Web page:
Sunday, June 17, 2012
Kate Mathews Stevenson-written by Altha Mathews Dial with information from Mazy Mathews Pledger and Family Records.
Kate Mathews was born forty years after the first Saints entered the Salt Lake Valley, 10 February 1888. She was the thirteenth child of a family of 16 children. Her parents Joseph Davis and Ruth Perkins Mathews were coverts to the Church of Jesus Christ of Latter-Day Saints in Glamorganshire Wales. Her father Joseph arrived in Salt Lake 3 Sep 1852 just 3 years after her mother Ruth was born, 3 Sep 1849, in Wales. He was 30 years her senior and a brother to Ruth’s Mother. Ruth arrived in Salt Lake 5 Oct 1867. On 7 Mar 1868, Joseph married Ruth in the Salt Lake Endowment House. She was his second living wife.
At the time of Kate’s birth, the family had gone through many hardships and much sorrow, for nine of the twelve children older than her passed away. Those living were Nephi, Hyrum, and Sophia. Leonard was born in 1890, Maude in 1892 and Mazy 1895. These seven children all grew to maturity, to marry and all raised a family.
Mazy wrote: “This happened in Salt Lake, one of the first things I remember was when Kate got kicked by a horse that belonged to Nephi. I don’t know how old I was at the time. It was about dark and somehow the horse got loose. She went to help catch it, she got kicked and she fainted. Oh what excitement, Kate had a weak elbow ever after. I remember also that on Saturdays we would go go the Assembly Hall, sometimes the tabernacle. Evan Stephens would have singing classes, Kate, Len Maude and I and we’d sing our hearts out. Kate was a sickly girl and was very ? most of the time. When we moved up to Pleasant View, Weber, Utah, 10 Mar 1904, I was going on nine so Kate was sixteen at the time. Bert Stevenson came over to do some work for Dad (we were neighbors) and my Dad told him he (Bert) could marry Kate. Sounds like he was a tease, don’t it? Kate sure was mad at him. She was terribly shy. They were married in the Salt Lake Temple 6 Oct 1906. They lived in Pleasant View. They had two little boys (died at birth or shortly after) named Joseph and Kenneth. I don’t remember which was the older. They were born in the old home where Nephi lived so long. Lea was born in Pleasant View and before Melbourne was born they had moved to Idaho . Because Kate had such a time she cam back to be with mother when Melbourne was born. At the time Melbourne was born, Bert and Kate moved to Potter’s farm and Bert worked for some time down there.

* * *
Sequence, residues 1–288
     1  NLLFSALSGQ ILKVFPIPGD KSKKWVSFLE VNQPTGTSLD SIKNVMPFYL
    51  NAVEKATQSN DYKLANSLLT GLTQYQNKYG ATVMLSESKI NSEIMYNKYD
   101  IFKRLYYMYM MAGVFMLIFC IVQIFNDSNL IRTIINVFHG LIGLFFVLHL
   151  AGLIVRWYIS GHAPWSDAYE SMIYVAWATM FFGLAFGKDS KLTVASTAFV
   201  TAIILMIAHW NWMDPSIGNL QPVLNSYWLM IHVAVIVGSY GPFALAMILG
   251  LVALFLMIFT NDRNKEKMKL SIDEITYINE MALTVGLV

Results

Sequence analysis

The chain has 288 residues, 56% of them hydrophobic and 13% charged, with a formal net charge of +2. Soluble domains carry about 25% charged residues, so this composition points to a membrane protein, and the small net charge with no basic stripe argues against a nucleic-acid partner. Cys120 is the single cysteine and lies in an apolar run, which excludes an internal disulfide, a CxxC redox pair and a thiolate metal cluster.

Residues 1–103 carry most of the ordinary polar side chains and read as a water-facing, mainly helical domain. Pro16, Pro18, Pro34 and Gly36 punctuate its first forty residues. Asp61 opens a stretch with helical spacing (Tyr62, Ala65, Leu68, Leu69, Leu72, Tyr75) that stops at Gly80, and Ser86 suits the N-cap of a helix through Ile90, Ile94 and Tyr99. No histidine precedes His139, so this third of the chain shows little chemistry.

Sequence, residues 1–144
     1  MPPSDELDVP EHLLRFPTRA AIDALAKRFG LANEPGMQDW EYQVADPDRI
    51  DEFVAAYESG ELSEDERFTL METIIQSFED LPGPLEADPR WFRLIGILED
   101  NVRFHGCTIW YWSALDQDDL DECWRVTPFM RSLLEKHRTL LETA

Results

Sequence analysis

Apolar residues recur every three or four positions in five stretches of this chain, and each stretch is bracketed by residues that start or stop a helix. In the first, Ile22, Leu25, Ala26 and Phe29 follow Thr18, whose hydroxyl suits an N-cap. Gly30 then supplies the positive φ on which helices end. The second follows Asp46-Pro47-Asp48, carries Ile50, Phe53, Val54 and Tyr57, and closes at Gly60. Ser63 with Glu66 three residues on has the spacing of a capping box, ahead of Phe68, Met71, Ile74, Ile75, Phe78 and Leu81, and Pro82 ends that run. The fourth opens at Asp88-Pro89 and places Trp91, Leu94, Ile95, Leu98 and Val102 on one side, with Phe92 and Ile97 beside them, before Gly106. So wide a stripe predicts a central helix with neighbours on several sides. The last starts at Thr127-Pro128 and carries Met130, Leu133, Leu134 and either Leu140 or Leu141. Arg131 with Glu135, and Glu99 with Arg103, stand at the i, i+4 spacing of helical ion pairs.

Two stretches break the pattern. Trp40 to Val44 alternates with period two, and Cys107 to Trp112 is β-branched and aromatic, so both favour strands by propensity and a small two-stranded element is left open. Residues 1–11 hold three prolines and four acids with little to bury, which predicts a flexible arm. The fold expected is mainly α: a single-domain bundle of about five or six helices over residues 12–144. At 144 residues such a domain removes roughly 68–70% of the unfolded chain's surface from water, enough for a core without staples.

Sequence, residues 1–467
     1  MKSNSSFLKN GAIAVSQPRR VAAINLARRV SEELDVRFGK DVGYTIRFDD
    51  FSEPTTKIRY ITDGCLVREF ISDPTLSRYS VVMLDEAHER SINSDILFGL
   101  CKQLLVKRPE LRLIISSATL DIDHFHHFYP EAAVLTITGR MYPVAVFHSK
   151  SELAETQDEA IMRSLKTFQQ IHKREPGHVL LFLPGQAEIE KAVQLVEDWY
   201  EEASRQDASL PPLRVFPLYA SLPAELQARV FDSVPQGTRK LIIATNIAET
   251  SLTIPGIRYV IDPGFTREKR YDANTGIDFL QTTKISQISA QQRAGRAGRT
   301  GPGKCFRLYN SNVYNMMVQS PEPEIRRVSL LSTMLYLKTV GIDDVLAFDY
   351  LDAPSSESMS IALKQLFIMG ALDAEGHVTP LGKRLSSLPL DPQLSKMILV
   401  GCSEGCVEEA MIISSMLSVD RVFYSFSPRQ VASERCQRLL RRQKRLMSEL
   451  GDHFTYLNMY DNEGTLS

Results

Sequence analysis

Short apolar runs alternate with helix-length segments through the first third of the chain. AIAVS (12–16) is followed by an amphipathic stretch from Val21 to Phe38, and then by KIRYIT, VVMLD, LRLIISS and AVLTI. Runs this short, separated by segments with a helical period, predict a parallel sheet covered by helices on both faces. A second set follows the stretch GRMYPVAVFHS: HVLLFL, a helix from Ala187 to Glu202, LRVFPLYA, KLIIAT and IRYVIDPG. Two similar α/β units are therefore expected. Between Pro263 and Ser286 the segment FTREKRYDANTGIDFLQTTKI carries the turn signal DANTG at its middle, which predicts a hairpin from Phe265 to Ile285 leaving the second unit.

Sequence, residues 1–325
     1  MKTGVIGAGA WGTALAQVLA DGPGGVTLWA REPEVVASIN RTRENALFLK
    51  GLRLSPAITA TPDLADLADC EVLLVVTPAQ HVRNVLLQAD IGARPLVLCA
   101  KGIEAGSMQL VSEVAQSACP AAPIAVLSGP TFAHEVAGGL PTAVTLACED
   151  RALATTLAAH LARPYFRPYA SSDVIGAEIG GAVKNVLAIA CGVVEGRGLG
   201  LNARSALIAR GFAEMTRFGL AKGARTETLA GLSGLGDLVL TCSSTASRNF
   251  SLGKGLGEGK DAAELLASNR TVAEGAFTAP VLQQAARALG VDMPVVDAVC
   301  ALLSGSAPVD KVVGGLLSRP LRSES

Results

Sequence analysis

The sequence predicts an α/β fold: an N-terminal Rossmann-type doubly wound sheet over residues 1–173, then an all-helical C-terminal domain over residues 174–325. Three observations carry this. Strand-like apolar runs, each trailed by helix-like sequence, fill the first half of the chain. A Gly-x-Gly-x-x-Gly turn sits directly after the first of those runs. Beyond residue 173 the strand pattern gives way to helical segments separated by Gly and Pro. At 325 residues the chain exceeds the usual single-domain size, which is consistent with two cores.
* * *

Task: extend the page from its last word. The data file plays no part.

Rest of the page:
Before Rena was born Kate was so sick. She couldn’t even lay down. Her body was so filled with water. When Rena was born, she weighed at 2 and 1 half pounds. I was going to Business school and staying in Ogden with Maude. I came home for the holidays and Mother was sick with the flu. And Uncle Len was taking care of both sick women and that tiny baby, Lea and Melbourne were there too. And he was doing alright too.
When Kate got better, she gathered up her youngsters and went back to Idaho, Rena was born in North Ogden. Then she came down again when Ruth was born. This time she got along better. Ruth was born in the same little house that Rena was born in, in North Ogden. (when we were in Acequia to Bert’s funeral we told Ruth we would take a picture of the house she was born in. We went up to do it. They had remodeled and built on so it didn’t look at all the same.)
Harry and I moved to Idaho in the Spring of 1919 and lived there eight years. Kate was sick such a lot during that time. She was a woman of great faith. One time she had the flu and sent for Bishop Anderson (a wonderful man with power to heal.) He also had the flu and couldn’t go, so he told them to take his handkerchief to her and she would get well. Which they did. Bert was a wonderful husband to her. One of the kindest men I ever knew. We all loved him for being so kind to our sister. The last few years of Kate’s life she was determined that she would live to see her family taken care of. When she came down to take Rena’s to the Shriner Hospital, she was so relieved. She went to the Salt Lake Clinic to see if they could help her. They told her if she would stay right there they could keep her alive a while longer. But she would not stay. She said it would take away everything from her family. So it was not long after she went home that she passed away 6 Nov 1928.
Aunt Kate as I remember her was a woman of great faith and courage. She had the true pioneer spirit that had been breed in her by a noble father and a sweet sacrificing, and never complaining mother. She was born in a time of hardship and trial and yet she had the courage to raise above the material things of life. She blessed this earth with 6 children, 4 of whom she raised well the short time she was permitted to remain with them. The other two she will be able to raise in the Eternities because of her goodness and faith. The poem by George L Ehrman would be a tribute to Kate Mathew Stevenson’s life.
Hope is like a natural spring that flowing nature’s choice:
Trust is like an answered prayer which makes the soul rejoice.
Faith is like a flower in bloom that grows from humble statrt,
And love is like a song unsung, but felt within the heart!
Her children can be proud to call her mother for she played her role well and she was true and faithful and endured to the end.